I also agree with you, an educated and involved patient is usually the patient that does better. I wasn't always so involved with my endocrinologist or nephrologist…but as I became more concerned about my quality of life and controling my diabetes, I was overly aggressive…almost annoying.

I can't thank you enough for sharing your insight into my story. I am just sorry I didn't meet you and the DC community earlier. This is truly a GREAT outlet for diabetics and their caregivers!!

Hope to hear from you soon. I continue to be an advocate for diabetes and more specifically , an advocate for THE CURE!! We have come a long way just since I was diagnosed…blood monitors, insulin pumps, CGMs, home A1C kits, the list continues to grow. Until we can find a REAL cure, STEM CELL may be the band-aid the SUGAR community needs!!

Always a pleasure chatting with you Gary.

God Bless~
In Christ~

Scott
Weston, Florida

Dr Gary
Dr GaryCA 2011-01-04 13:48:04 -0600 Report

Hi Scott,

I always look forward to hearing from you. Being part of Diabetic Connect has been an incredible experience for me. I receive as much, or more, than I give.

I agree that real life experiences can provide a great education. Hearing what other patients have experienced, in their own words, provides an invaluable perspective.

But I always add a caution when clients talk about what they are learning from other patients. I remind them that each of us is unique, and the experience that one patient has may be very different from another patient's experience. So this is valuable information but should be evaluated with that perspective in mind. Also, a patient may have a very bad experience or a very good experience and, understandably, want to steer other patients toward or away from the approach that their physician took and may unintentiionally overstate or inaccurately report their reactions. Just something to think about.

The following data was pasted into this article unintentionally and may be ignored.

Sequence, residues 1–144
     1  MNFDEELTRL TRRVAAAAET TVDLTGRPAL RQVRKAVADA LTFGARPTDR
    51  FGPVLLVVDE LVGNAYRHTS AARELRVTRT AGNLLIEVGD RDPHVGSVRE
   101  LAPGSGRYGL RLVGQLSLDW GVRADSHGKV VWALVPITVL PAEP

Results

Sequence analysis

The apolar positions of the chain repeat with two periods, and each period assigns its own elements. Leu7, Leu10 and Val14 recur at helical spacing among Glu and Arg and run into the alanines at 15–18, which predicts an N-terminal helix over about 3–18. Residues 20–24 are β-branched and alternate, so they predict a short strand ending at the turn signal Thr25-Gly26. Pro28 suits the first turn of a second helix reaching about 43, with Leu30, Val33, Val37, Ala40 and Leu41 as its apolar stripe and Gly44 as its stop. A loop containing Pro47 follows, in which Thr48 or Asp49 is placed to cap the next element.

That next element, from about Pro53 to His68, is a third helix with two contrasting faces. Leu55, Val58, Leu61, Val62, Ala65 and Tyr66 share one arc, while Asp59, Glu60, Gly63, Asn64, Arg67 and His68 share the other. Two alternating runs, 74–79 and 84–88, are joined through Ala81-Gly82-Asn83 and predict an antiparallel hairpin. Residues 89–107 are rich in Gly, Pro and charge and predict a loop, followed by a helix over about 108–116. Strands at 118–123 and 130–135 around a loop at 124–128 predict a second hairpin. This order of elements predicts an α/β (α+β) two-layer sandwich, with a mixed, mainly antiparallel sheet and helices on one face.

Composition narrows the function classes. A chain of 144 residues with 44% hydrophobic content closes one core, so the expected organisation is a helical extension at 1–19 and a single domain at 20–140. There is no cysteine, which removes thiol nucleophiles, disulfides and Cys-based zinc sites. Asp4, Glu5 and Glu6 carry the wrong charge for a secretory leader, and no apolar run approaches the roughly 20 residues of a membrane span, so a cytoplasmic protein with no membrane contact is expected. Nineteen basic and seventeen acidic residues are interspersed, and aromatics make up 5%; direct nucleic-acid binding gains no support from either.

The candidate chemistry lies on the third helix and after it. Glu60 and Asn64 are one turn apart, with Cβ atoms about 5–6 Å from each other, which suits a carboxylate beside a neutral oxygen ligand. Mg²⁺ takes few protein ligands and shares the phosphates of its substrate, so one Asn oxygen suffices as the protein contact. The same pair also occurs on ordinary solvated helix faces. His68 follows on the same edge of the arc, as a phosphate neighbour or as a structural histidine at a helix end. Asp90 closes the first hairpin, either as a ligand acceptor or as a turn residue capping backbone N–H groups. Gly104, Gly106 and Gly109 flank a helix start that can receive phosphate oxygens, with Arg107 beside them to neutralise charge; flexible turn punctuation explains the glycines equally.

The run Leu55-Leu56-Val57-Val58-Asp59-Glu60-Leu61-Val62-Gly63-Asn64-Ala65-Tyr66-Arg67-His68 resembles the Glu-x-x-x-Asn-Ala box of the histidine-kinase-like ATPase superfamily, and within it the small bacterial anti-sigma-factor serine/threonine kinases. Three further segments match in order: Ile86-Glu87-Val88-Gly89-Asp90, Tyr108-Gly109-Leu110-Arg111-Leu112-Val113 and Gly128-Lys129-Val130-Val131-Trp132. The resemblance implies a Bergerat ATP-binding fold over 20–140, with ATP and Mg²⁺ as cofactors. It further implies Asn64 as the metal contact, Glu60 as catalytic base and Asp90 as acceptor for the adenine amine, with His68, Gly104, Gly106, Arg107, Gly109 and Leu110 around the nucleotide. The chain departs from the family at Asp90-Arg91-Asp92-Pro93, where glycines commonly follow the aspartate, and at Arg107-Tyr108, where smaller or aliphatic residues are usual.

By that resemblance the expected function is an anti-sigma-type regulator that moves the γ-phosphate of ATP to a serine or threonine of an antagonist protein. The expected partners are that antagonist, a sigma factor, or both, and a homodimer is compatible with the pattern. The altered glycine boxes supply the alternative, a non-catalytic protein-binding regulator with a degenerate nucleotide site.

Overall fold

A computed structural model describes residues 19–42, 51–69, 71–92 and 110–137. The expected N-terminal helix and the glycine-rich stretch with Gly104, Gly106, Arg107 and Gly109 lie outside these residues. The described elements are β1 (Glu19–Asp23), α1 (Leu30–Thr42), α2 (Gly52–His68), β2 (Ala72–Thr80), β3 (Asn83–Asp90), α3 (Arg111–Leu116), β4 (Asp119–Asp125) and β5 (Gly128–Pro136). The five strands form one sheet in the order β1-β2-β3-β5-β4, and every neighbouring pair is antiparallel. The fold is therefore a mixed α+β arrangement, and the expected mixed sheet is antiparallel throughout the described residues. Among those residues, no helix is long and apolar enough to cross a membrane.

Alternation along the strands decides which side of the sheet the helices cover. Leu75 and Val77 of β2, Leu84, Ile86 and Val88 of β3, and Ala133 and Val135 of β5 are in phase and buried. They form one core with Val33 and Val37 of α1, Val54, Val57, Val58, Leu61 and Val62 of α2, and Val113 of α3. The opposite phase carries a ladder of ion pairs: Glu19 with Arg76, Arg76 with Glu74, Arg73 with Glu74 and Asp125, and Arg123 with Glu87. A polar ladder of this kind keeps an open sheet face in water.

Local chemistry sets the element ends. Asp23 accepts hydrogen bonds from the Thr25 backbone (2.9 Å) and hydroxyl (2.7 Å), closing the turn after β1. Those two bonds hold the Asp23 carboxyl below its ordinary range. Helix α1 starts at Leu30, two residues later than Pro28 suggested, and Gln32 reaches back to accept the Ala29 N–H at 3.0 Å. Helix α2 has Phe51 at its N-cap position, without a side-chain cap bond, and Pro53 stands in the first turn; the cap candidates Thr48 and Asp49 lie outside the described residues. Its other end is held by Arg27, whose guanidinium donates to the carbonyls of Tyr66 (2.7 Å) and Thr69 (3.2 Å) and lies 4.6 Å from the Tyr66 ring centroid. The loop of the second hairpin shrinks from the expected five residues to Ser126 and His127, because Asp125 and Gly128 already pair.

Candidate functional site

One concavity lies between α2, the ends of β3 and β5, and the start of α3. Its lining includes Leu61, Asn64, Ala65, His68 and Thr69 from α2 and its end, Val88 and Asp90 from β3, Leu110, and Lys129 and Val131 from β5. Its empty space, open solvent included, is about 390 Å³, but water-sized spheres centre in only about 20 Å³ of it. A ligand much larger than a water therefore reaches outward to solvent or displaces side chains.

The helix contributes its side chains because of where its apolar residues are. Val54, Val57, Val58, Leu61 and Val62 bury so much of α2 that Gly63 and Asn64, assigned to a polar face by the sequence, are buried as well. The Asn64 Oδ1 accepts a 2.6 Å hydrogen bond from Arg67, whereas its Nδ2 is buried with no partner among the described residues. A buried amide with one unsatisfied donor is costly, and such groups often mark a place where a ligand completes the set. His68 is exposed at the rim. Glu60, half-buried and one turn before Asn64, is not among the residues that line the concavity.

Patient experiences are really valuable but it is a good idea to read a range of them, not just one or two. Does this make sense?

As for being a high maintenance patient, you have that right. It is your life, and your quality of life. We all have to be advocates for ourselves in this healthcare environment that we are living in. You have a right to cross every t and dot every i. After all, you will be living with the results, emphasis on living.

I hope others are tuning into our discussion, to experience your perspective and your positive attitude!

Take care,

Gary

jayabee52
jayabee52 2011-01-05 15:32:14 -0600 Report

I have been tracking this discussion and following what has been said here even though I might not post often.

As far as being a high maintenance patient, my bride "Jem" was certainly one of those. And she had gathered a terrific medical support team (before I knew her).

She had minor problems with some of the Drs, but was generally well loved by the majority of her medical team. In fact the very afternoon of the day she passed I received a personal call from her gastro Doc saying that of all his patients, she was his favorite, because she made an effort to get to know each individual on her team and inquired about them and their spouses & children, and would share a joke or two with them, even when she was hurting. Even though I was not receiving monetary payment I felt I was on her treatment team as I was with her every day, reading her meter, drawing up her insulin injections, & reporting BG#s & injections to her Endo & DM care team twice a week and attending all her appointments with her. And she had such a positive attitude, sometimes I felt as if she was being a "Pollyanna".